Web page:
Column in the Irish Times

Carbon budgets are Ireland’s new mechanism for reducing damaging greenhouse gas emissions. These budgets, intended to halve annual emissions by 2030, have been acknowledged as among the most ambitious in the world. But the world is rapidly heating, causing irreparable damage to people and nature, and Ireland as a high-emitting country carries a disproportionate share of the responsibility.

Is our climate ambition enough, or do we need to do more?

Defining Ireland’s fair contribution to the global effort to limit greenhouse gas emissions is as much a question of justice as it is of science.

The Climate Act, which passed into law last year, requires that carbon budgets be consistent with our commitments under the Paris Agreement. In 2015, we agreed to hold the increase in the global average temperature to well below 2 degrees above pre-industrial levels and pursue efforts to limit the temperature increase to 1.5 degrees along with 196 countries. The Act requires that carbon budgets should also take account of climate justice.

The Earth has already warmed by about 1.1 degrees. We know that global temperature rise is directly proportional to cumulative carbon emissions from climate science. Each tonne of carbon dioxide (CO2) emitted turns up the dial on the Earth’s proverbial thermostat permanently. Using this relationship, scientists have calculated different global carbon budgets corresponding to varying levels of future temperature rise.

To limit warming to 1.5 degrees with a 50 per cent chance, we can emit another 500 billion tonnes of CO2, measured from the beginning of 2020, which is about 60 tonnes per person on the planet.

This remaining global carbon budget can be downscaled on a per-capita basis as a starting point for considering Ireland’s “fair share”. For five million people, this is about 300 million tonnes of CO2.

In Ireland, we emit about 45 million tonnes of CO2 each year from burning fossil fuels (for transport, heat, electricity and aviation); waste, industrial processes (including making cement) and drained peaty soils. If we maintained current emissions, we would blow past this fair share of the remaining global carbon budget by 2027. Any CO2 emitted after that point would have to be removed from the atmosphere, which is enormously difficult.

This approach ignores any historical responsibility for global warming, which is ethically debatable: If each country had emitted the same as Ireland on a per-capita basis, the world would already have warmed by a catastrophic 3 degrees.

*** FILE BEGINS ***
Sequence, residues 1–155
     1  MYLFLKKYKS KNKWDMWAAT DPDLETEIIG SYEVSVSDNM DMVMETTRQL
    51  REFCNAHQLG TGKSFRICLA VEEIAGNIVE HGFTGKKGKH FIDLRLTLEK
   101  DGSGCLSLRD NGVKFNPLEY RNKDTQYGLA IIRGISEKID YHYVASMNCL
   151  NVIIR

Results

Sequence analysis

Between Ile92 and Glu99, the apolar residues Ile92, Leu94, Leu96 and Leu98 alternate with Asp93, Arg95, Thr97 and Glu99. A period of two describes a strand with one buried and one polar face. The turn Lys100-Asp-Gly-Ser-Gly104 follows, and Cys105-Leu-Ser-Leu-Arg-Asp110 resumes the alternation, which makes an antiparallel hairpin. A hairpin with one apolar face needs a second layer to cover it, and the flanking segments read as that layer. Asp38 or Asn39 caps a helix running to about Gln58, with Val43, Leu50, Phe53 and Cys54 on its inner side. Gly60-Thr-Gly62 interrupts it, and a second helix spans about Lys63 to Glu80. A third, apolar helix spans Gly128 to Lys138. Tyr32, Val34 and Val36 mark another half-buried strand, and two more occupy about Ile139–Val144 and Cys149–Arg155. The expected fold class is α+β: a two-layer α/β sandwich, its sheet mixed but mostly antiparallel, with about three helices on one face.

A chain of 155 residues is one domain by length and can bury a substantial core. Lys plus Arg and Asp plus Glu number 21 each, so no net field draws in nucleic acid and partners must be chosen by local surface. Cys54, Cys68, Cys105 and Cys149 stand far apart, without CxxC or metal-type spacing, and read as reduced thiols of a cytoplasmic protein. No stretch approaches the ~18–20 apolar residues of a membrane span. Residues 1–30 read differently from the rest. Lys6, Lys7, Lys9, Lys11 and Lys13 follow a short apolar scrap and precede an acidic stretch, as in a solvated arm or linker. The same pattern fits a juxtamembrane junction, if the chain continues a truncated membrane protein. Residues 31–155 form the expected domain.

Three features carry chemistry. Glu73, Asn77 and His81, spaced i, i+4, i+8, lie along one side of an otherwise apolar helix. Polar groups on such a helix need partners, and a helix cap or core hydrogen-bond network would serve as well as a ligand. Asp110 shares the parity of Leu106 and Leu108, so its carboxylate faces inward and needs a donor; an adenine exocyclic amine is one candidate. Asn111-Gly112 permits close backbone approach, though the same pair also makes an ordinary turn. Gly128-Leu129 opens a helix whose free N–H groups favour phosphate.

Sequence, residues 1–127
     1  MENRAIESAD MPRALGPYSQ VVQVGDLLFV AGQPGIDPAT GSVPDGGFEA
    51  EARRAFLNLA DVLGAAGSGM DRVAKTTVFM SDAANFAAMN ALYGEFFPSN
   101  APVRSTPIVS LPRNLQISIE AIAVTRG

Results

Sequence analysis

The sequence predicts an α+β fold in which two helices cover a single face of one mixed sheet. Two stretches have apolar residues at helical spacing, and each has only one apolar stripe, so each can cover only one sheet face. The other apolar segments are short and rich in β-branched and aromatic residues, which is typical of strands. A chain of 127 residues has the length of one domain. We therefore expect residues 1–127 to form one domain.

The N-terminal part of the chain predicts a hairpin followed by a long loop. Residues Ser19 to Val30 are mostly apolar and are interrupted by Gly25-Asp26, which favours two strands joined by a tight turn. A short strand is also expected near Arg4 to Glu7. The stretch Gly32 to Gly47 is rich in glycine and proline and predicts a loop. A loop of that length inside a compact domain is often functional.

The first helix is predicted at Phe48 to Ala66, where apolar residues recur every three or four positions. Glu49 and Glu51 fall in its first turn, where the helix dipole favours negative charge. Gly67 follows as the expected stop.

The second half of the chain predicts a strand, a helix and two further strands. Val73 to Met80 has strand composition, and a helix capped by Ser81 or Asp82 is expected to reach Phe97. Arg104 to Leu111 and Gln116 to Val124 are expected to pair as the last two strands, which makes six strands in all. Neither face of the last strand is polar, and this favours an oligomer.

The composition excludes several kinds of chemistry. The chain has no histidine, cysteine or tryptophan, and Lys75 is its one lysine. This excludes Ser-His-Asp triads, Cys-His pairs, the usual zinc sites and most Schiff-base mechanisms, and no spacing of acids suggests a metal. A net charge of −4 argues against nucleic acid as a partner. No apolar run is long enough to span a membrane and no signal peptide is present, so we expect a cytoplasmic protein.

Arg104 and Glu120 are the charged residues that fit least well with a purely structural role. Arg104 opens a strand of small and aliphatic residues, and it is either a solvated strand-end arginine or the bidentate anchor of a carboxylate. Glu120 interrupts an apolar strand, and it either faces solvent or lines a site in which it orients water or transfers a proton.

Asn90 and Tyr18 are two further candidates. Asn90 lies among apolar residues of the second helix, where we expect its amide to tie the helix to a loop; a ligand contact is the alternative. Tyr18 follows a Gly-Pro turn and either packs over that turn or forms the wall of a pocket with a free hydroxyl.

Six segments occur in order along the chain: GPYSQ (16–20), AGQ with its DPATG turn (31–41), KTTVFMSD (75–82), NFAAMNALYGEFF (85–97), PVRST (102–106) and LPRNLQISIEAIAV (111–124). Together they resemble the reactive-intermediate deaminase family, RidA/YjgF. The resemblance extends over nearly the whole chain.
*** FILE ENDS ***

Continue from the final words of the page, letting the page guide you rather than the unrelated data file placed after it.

Moreover, global methane emissions, the second-most harmful greenhouse gas, must fall by about 30 per cent by 2030 and 50 per cent by 2050 to meet the 1.5-degree goal.

From a pragmatic perspective, some could argue Ireland’s starting point is difficult because of national circumstances, justifying a higher share of the global budget. With no nuclear power, limited hydropower and tree cover, low carbon energy is challenging, and grass-based food production and peaty soils lead to high food and land emissions. Moreover, our past development pathway has locked us into car dependence and high fossil fuel use.

However, it is difficult to argue for an increased share of the global carbon budget from a climate justice perspective. The science has been settled for 30 years, and decision-makers have known about the consequences of locking the country into an unsustainable pathway.

Far more could have been done to limit greenhouse gas emissions, despite national circumstances. Even in the seven years since Ireland signed up to the Paris Agreement, sustainable solutions have not been rolled out quickly enough: CO2 emissions have not fallen (except for a temporary drop in 2020 due to Covid measures), and methane emissions have continued to rise.

Moreover, it would be unjust to argue for a larger share of the global carbon budget: It would mean a smaller allocation for developing countries who have done little to cause climate change and are highly vulnerable to its impacts.

Along with rapidly reducing greenhouse gas emissions, Ireland can contribute to the global climate mitigation effort by continuing to research and roll out low-carbon technologies and sustainable solutions. This will help bring down costs globally and support developing countries to leapfrog the high-carbon development pathway we have taken.

The remaining carbon budget is small and diminishing very rapidly. New national stringent carbon budgets are an acknowledgment that every tonne of greenhouse gases emitted permanently damages the Earth’s systems. If we are to keep the world at a safe temperature, the urgency of deep emissions cuts is clear.